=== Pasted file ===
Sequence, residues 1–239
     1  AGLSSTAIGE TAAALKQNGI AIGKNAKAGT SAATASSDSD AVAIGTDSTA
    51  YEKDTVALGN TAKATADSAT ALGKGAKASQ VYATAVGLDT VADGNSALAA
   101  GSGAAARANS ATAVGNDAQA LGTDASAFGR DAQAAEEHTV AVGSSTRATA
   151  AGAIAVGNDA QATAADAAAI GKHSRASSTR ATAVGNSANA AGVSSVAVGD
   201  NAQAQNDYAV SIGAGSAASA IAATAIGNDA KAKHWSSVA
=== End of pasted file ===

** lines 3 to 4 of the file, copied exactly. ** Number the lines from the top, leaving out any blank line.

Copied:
    51  YEKDTVALGN TAKATADSAT ALGKGAKASQ VYATAVGLDT VADGNSALAA
   101  GSGAAARANS ATAVGNDAQA LGTDASAFGR DAQAAEEHTV AVGSSTRATA